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Communication Opportunities for Students using Alternative and Augmentative Communication (AAC) Jennie Rankin, Registered Speech-Language Pathologist (Alternative.

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Presentation on theme: "Communication Opportunities for Students using Alternative and Augmentative Communication (AAC) Jennie Rankin, Registered Speech-Language Pathologist (Alternative."— Presentation transcript:

1 Communication Opportunities for Students using Alternative and Augmentative Communication (AAC) Jennie Rankin, Registered Speech-Language Pathologist (Alternative and Augmentative Communication) Heather Campbell, Computer Support Worker 2014-2015

2 Data Outcomes Celebrations Challenges Improvements in Student Learning Next Steps Introduction and Inq uiry Question Baseline Data Stage 1 Stage 2 Stage 2B

3 Starting Point We noticed that students with communication differences often experience less opportunities and more isolation than other students. We chose six students who use alternative and augmentative communication as our focus group. Two main themes of need were identified as barriers: greetings and directing others’ attention to something of interest. Inquiry Question Does an intentional, structured and individualized approach to create more opportunities for meaningful connections between students who have communication differences with each other and other students positively affect everyone's school experience? Norms of Collaboration When we value: It looks like this… Relationships- valuing connection between people Knowledge/Understanding- actively growing knowledge of how to communicate meaningfully with students who have communication differences Student-centered - following and supporting students’ leads Empowered students- lasting skills, confidence, willingness, valuing self, mutual benefit Persistence - trying different ways if needed Patience- being okay with waiting and a slower pace Caring/Compassion- valuing a person for who they are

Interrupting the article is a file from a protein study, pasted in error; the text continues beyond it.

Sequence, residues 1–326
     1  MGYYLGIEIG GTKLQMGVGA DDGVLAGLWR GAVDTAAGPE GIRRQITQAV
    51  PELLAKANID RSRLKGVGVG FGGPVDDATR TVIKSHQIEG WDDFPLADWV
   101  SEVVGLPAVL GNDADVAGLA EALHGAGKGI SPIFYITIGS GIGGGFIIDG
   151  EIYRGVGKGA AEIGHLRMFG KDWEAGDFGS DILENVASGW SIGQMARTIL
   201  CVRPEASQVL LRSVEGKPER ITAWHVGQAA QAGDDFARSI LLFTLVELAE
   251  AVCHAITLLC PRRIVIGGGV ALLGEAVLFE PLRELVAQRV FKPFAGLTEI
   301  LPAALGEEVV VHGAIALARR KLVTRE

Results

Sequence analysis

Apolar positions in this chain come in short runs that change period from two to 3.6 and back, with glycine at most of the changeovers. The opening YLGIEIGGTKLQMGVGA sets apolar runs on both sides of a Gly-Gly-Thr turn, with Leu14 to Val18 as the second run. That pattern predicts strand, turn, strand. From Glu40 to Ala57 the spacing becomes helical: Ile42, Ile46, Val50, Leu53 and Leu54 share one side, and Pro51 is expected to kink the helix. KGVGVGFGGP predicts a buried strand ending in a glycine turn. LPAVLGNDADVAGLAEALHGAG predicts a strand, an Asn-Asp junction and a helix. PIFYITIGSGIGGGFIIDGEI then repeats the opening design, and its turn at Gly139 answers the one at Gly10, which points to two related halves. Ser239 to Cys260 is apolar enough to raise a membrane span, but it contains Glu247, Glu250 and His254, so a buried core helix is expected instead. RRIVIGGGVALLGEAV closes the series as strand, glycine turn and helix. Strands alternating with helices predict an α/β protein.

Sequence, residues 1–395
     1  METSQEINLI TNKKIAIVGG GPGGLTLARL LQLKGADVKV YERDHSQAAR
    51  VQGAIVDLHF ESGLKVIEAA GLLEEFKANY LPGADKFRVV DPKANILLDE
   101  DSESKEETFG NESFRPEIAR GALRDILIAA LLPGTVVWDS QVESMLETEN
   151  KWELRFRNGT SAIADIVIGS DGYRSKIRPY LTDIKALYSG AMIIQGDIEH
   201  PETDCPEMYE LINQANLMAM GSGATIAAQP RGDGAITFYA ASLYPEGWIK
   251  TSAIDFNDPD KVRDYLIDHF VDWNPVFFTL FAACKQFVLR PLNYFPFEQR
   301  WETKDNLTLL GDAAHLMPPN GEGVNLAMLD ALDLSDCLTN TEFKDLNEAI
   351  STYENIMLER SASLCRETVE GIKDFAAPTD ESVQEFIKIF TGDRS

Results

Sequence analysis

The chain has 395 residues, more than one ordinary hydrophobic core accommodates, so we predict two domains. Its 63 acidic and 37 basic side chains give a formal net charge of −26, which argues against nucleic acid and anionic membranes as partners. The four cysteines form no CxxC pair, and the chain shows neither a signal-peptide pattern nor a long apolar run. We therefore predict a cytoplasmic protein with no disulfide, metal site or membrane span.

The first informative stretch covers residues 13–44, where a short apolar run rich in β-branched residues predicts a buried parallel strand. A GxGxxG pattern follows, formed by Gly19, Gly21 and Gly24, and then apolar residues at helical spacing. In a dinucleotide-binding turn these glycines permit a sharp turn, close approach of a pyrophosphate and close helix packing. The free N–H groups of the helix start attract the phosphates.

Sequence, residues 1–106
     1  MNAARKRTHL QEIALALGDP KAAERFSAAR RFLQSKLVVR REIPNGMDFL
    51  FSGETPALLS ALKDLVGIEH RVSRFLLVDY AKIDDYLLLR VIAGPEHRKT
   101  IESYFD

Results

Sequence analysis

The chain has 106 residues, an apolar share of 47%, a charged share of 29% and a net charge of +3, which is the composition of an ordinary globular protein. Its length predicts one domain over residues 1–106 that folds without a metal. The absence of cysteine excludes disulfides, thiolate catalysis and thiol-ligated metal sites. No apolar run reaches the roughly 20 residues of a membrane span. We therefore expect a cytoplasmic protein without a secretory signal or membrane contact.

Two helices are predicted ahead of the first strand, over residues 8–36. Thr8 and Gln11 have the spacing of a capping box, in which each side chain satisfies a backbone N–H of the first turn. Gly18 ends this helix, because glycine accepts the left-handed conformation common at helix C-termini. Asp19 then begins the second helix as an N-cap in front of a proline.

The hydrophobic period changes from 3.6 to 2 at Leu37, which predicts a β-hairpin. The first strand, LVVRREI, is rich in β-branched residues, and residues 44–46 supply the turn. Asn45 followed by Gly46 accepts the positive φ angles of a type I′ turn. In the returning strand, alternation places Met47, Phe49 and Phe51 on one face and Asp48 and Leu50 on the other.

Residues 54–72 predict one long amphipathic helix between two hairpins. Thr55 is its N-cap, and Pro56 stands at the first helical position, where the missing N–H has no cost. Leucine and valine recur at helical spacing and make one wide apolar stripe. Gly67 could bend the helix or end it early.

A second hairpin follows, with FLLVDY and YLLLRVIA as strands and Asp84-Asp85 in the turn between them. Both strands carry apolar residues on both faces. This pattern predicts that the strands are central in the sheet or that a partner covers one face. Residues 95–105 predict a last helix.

4 Baseline Data Our data tracking forms were set up to track interactions during three sessions (days). An example was provided for each. The incidences of communication were to be noted with tally marks and additional information (number of communication turns taken by the student, location of interaction, type/function of communication act, actual words/sounds/signs/AAC messages produced).

5 Stage 1 We chose the following social communication targets for each of the students. Each was determined by looking at patterns in their current communication, and deciding what might increase the number, length or quality of interactions with peers. The target was defined for the teams and modeling of both teaching and supporting the student in doing the communication target were done. Targets: L - gaining the attention of others (using “talker” or voice) R – “LOOK” + noun (using “talker) M – initiating a conversation with a peer S - respond to others’ greeting of hi and bye independently A – saying “LOOK” (using “talker” or voice) E – not partaking due to up and coming surgery This step involved four parts: Stage 1 data form Demonstration (with Jennie) Practice with toy (two days) Check in/trouble shoot with Heather Practice with peer (two days)

6 Stage 2 After reviewing and discussing data and observations from stage 1, we refined the target for one of the students. We simplified the process of teaching, practice and data collection. New materials were created. Amended Target R – “LOOK” + comment, i.e. “I like it” (using Talker) This stage involved three parts: A daily reminder to the student An explanation to the student’s community about their communication target Tracking of occurrences on five out of nine days Stage 2 data form Example of text to community people: